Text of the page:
We enthusiastically join in celebrating Karl Marx on the occasion of the 200th anniversary of his birth and express deep appreciation to the International Department of the Communist Party of China for hosting this event.

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Marx’s birthday and the dismal science

Journal of People

A few observations

by Carolina Alves and Ingrid H. Kvangraven

Developing Economics | May 29, 2018


With 2017 marking the 150th anniversary of Capital and 2018 marking the bicentennial of the birth of Karl Marx, it is not a surprise that the number of events and exhibitions celebrating Marx’s work and exploring the significance of Marxism in the world today have gone through the roof. A little sample can be found here, here, here, here and here (see also The Guardian’ssum up of exhibitions, books – and pub crawls)! And it would be unfair to not mention the British Library’s PhD placement on Karl Marx offered last summer, which aimed to develop ideas for events and activities that would engage the public and research communities with Marx’s life and his wider legacy (with a brilliant emphasis on Marx’s daughter Eleanor – a writer and political…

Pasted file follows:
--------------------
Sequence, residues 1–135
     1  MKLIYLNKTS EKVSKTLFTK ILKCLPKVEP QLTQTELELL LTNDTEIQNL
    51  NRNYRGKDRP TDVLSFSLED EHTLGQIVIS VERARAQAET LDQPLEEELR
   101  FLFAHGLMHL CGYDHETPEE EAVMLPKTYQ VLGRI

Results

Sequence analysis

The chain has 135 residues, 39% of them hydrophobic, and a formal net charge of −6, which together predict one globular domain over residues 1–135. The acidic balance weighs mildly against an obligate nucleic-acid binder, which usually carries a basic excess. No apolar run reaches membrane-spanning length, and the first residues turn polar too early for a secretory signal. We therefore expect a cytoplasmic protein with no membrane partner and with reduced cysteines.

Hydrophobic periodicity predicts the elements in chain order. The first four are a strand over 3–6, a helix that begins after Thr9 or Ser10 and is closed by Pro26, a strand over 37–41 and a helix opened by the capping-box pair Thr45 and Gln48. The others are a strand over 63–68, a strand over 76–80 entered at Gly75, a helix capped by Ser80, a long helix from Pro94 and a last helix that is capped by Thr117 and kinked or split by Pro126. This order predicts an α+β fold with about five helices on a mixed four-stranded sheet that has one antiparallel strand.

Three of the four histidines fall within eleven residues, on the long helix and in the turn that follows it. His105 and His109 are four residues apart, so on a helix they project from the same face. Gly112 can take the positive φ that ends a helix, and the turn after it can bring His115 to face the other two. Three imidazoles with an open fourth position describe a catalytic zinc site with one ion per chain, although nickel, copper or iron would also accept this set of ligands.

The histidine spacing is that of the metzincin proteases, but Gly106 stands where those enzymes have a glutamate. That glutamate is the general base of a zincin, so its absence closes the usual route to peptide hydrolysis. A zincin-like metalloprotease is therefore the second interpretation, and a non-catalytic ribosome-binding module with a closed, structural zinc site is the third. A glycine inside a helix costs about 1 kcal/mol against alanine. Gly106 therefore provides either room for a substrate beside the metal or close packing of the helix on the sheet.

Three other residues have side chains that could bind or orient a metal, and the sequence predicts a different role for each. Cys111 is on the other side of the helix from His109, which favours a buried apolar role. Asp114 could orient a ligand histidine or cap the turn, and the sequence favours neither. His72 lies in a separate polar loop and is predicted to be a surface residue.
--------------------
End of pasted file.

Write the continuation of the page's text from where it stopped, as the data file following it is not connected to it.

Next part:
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An interview with Karl Marx

Journal of People

by John Swinton

People’s World | May 05, 2020

An interview with Karl Marx The Karl-Marx-Monument in Chemnitz, Germany. Marx was born May 5, 1818. | Uwe Meinhold / AP